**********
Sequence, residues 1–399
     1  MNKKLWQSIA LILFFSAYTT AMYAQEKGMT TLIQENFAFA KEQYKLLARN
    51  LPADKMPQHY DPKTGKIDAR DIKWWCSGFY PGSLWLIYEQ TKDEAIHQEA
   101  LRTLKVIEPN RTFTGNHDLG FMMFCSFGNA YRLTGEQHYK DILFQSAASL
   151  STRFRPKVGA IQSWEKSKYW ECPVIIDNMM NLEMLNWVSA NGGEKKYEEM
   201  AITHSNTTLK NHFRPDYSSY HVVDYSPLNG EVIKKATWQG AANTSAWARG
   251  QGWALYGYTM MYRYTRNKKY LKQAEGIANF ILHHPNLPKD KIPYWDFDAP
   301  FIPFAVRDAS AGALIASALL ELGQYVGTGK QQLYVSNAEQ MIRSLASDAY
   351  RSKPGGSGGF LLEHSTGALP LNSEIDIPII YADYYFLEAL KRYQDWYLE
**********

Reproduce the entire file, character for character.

Sequence, residues 1–399
     1  MNKKLWQSIA LILFFSAYTT AMYAQEKGMT TLIQENFAFA KEQYKLLARN
    51  LPADKMPQHY DPKTGKIDAR DIKWWCSGFY PGSLWLIYEQ TKDEAIHQEA
   101  LRTLKVIEPN RTFTGNHDLG FMMFCSFGNA YRLTGEQHYK DILFQSAASL
   151  STRFRPKVGA IQSWEKSKYW ECPVIIDNMM NLEMLNWVSA NGGEKKYEEM
   201  AITHSNTTLK NHFRPDYSSY HVVDYSPLNG EVIKKATWQG AANTSAWARG
   251  QGWALYGYTM MYRYTRNKKY LKQAEGIANF ILHHPNLPKD KIPYWDFDAP
   301  FIPFAVRDAS AGALIASALL ELGQYVGTGK QQLYVSNAEQ MIRSLASDAY
   351  RSKPGGSGGF LLEHSTGALP LNSEIDIPII YADYYFLEAL KRYQDWYLE